In case you hadn’t heard, California is in trouble.
What was once truly the Golden State is now panning for every spare cent — and it will need a lot of them. State auditor Elaine Howle reports that the state’s net worth is negative $127 billion, and that does not include its $300 billion unfunded pension liability. Governor Jerry Brown is glowing about an anticipated $850 million surplus in the state’s budget by the end of the next fiscal year — the product of a $6 billion tax hike, part sales tax and part surcharge on the wealthy — but even if he can reduce the state’s “wall of debt” to the current goal of $5 billion by 2016–17, the state remains deeply mired in unemployment (9 percent as of April), rampant spending, and municipal crises (USA Today highlights ten California cities in danger of going bankrupt; Stockton became the largest city in the country — population 300,000 — to file for Chapter 9 when it went bust last summer).
The state has a way to seriously curb those problems, an energy renaissance within easy reach — if Sacramento will get out of the way. But the state’s extreme environmental policies are keeping California from using its abundance of untapped shale oil and its enormous nuclear-energy capacity.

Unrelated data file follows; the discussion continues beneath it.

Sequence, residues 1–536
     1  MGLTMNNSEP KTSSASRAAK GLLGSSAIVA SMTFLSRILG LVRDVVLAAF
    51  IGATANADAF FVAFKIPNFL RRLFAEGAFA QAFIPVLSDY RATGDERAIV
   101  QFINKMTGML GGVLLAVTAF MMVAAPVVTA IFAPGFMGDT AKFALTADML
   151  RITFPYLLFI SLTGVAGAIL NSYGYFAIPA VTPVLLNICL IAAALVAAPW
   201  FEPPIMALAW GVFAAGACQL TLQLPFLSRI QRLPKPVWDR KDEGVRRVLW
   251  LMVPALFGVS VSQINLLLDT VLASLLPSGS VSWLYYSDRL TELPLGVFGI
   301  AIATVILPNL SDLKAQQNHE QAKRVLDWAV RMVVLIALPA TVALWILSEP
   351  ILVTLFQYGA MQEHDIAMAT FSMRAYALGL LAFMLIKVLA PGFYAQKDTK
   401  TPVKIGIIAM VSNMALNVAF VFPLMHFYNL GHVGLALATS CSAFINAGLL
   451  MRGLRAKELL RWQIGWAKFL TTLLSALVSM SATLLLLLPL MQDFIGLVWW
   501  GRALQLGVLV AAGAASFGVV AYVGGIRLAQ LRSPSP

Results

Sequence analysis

Approximately 15 billion barrels of oil are locked in the Monterey Shale, a 1,700-square-mile rock formation several thousand feet below California’s Central Valley and southern coast. That’s two-thirds of the entire country’s shale-oil reserves, equivalent to five years of U.S. petroleum imports. Moreover, a study conducted by the University of Southern California indicates a potential increase of 512,000 to 2.8 million jobs, depending on how drilling operations develop, accompanied by “nontrivial” in-migration — people moving to California. That would be a change. And if all that isn’t incentive enough for lawmakers, the study predicts new state and local tax revenues totaling anywhere between $4.5 billion and $24.6 billion.